Does The Ordinance Empower Lenders? (29 July, 2002)
It started out with a bang, and hopefully will not end in a whimper. No sooner did the government promulgate the Securitisation and Reconstruction of Financial Assets and Enforcement Security Interest Ordinance of 2002, than banks and institutions went into a frenzy of identifying willful defaulters and sending off recovery notices.
Within two days, IDBI, IFCI and ICICI had drawn up 20 names each; State Bank of India came up with a list of 70 defaulters that it had targeted for immediate action and Bank of India and Bank of Baroda announced similar plans. Finance minister Jaswant Singh did his bit by describing large defaults as a “loot” of the system when he moved swiftly to introduce the Bill in Parliament. We, the hapless people who have watched industrialists loot the financial system for decades stood up to cheer. So much so that we bristled at the mere suggestion that industry associations were lobbying to have the bill diluted. For the first time, government seemed to have given banks and institutions a powerful tool to recover their money. And the number of notices that were drawn up within days after the ordinance suggested that lending institutions actually meant business this time. Unfortunately, things are not looking so gung ho anymore.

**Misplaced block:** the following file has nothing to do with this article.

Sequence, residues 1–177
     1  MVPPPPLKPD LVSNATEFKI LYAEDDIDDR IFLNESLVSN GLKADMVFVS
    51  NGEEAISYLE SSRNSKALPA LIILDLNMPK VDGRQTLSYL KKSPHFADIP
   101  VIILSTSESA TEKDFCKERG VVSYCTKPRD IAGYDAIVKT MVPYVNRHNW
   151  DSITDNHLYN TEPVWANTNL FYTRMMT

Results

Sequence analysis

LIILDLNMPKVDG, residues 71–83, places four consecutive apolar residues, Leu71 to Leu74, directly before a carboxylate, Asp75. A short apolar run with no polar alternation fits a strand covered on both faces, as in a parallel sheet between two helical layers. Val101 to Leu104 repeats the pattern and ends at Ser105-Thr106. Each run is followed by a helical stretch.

Firstly, we learn that much of the lenders enthusiasm has been carefully orchestrated. The government actually issued a letter through Additional Secretary (Banking), asking all banks and institutions “to start with at least 10 existing, operating and smoothly saleable NPAs (Non Performing Assets) not involving more than two lenders with buyers arranged/finalized to take benefit under the ordinance”. This was circulated at what is called the top management meeting held on July 4. In effect, banks and institutions were obeying orders rather than being truly enthusiastic.
Having drawn up the notices, banks are sitting back and worrying about how to give effect to the powers under the Ordinance. For starters, they say that the Reserve Bank of India, which authored the Securitisation and reconstruction ordinance should at least have discussed it with them before it was issued rather than holding a meeting afterwards. Leading bankers say that although the magnitude of NPAs suggest a serious systemic breakdown, the Asset Reconstruction Companies are not really an answer to poor recovery by lenders. As we know, much of the lending and the failure to recover is due to collusion with industrialists or under political pressure.
Banks in particular are uneasy about a few issues. Firstly, that nobody but secured creditors can really expect to recover any dues. Although action under the ordinance needs a consensus of 75 per cent of the lenders, in value terms it is term lending institutions that would call the shots. They are the biggest lenders and also have first charge over the assets. Since realistic estimates indicate that institutions are not expected to recover more than 30 per cent of the value of fixed assets, this would probably leave other lenders, including banks, out in the cold.